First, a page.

They spend most of their time traveling around to see at least three or four southeast Asian countries in a few short weeks.
Their conversations are mostly about their travel experiences, and they outdo each other and compete about who has the most amazing travel stories.
Often they look down on the package tourists and generally avoid them like the plague. They are convinced that they are “getting” the Thai experience since they try to be part of the local scene.
They are sweating and laboring under their huge backpacks since luggage with wheels is just not cool. Their dress is often somewhere between very casual and downright unkempt.
The Thais don’t have much respect for them, but they won’t complain since they are the ones who keep thousands of budget guesthouses and local travel agencies in business.
Thai women are very conscious of their appearance. They generally try to look their best, dress up nicely, wear make-up, and look attractive to the opposite sex. The backpackers often behave and look quite the opposite which is seen as low class by the Thais.
Don’t yell at me now, I have been a backpacker for many years myself when I was younger.
4. The over-the-top imitators
Those are the foreigners who want to be more Thai than the Thais. They dress in colorful tribal clothes or in traditional Thai clothes although the average Thai wears normal western clothes.
Some of them even walk around barefoot, somehow thinking that this is super cool. What they are missing is that urban Thais never go barefoot.
The more extreme version wears their hair in dreadlocks or they sport white clothes to somehow resemble an Indian sadhu (saintly person) or meditator. They feel that they are totally unique and that they really understand the Thai experience.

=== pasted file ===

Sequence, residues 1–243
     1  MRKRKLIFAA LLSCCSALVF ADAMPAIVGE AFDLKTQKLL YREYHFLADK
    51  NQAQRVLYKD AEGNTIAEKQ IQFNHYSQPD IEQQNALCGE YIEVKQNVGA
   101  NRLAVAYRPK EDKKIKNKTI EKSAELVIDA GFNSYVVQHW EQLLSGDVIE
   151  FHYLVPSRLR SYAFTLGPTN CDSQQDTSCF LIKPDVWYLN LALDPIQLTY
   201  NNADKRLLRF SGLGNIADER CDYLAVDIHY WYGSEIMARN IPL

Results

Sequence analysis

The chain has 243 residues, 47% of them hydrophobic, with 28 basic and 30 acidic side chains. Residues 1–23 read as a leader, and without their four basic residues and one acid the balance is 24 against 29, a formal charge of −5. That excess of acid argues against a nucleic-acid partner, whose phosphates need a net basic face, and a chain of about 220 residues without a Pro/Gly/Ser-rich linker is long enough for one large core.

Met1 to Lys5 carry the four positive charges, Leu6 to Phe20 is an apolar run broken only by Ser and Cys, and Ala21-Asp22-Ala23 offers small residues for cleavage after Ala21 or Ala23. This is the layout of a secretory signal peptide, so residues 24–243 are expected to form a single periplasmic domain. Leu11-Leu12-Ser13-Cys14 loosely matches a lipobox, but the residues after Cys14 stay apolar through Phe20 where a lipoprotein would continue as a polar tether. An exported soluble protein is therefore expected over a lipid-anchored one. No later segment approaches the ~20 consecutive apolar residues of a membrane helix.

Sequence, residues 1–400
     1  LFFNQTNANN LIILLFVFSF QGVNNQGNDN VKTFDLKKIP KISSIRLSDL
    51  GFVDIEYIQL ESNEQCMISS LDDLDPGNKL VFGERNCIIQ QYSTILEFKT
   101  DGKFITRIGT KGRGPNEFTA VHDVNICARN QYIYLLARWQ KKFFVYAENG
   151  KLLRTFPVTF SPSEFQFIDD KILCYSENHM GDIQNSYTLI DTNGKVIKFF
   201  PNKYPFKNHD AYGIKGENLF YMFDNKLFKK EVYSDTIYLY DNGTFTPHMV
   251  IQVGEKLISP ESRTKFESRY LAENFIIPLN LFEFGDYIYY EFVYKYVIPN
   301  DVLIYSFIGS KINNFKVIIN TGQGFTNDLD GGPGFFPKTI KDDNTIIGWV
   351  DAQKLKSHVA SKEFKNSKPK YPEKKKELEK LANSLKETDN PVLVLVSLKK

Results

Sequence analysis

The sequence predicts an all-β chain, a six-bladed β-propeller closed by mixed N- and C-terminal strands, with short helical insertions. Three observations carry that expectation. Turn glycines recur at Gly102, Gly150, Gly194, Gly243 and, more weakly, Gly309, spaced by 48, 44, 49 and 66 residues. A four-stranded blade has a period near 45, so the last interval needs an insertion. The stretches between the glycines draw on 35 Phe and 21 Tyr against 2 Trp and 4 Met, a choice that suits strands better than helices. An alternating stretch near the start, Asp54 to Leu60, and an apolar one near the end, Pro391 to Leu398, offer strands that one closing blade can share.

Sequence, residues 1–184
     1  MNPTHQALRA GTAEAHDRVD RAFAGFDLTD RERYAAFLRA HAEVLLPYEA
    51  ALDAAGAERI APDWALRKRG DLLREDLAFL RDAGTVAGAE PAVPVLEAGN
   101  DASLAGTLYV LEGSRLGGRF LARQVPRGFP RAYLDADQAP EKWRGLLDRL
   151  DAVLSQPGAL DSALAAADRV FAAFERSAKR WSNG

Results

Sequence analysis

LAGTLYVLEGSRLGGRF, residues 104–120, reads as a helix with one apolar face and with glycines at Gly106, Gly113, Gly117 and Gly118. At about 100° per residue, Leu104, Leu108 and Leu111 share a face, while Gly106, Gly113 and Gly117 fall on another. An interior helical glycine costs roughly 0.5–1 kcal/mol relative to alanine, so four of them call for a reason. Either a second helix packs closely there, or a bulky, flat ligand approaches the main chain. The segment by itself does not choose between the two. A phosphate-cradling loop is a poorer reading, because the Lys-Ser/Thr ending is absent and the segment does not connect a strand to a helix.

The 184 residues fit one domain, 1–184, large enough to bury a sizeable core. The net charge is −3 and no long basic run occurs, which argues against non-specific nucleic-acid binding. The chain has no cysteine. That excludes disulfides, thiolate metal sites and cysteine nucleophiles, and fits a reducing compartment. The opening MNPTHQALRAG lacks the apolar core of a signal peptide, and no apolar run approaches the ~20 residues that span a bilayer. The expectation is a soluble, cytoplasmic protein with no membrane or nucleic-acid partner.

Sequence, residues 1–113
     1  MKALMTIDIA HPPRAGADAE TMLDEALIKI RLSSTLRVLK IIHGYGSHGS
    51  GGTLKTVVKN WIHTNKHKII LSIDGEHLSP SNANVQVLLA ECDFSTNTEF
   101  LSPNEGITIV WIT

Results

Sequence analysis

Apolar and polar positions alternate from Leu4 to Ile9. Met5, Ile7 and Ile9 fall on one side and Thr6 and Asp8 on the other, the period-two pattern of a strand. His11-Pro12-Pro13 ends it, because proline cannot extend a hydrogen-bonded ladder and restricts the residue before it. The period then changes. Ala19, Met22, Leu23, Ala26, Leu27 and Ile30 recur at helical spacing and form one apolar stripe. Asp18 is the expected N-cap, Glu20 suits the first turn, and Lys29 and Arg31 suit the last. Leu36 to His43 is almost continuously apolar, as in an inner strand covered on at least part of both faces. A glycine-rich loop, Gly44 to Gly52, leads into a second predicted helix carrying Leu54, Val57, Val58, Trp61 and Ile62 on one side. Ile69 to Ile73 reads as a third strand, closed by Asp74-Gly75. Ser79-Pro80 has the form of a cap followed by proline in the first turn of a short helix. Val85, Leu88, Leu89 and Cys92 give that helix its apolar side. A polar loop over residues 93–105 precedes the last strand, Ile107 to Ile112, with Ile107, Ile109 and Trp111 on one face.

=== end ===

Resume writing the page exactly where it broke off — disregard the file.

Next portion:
The Thais look at them with mild amusement or think they are weird or plain crazy.
Then there is a curious phenomenon which I will call the ‘saint illusion’. I know someone who has never been to Thailand and considers herself a Buddhist.
She is totally convinced that all Thais are saintly people who spend a good part of the day sitting around with a serene and peaceful expression, meditating on the highest truths of the universe. Quite funny, actually, and very wrong.
5. The sex tourist
These are all men, and they have a one track mind. They are always on the lookout for another woman.
Sex tourism is huge in Thailand. There are plenty of women who are happy to relieve men of their money in exchange for a variety of services.
Those don’t have to be just one night encounters. In Thailand you can literally rent girlfriends for any amount of time.
The sex tourists often have their share of horror stories to tell. In the “love for sale” world there are plenty of strange things going on.
They range from lying to insane jealousy to drugging men and stealing all their money to elaborately conceived exploitation schemes.
Naturally there can be ugly stories on both sides. Every once in a while those stories have a happy end, but in the majority of cases they don’t. But in either case the sex tourists seem to think that it’s all worth it.
6. The critical expat
These are people who are actually living in Thailand. They first settled here because they fell in love with the country.
But, alas, as is the case in relationships, the beginning is always the most exciting time when everything is seen through rose-colored glasses.
But after a while the initial excitement wears off and those expats start to see that not everything is gold that glitters.
They start to notice that there are problems in Thailand, just like in any country in the world.
Reality sets in and they notice that some cultural differences and a difficult language, which only few foreigners learn well, can be real barriers.
Then they start to see those cultural differences as shortcomings or even faults of the Thais and they become very critical.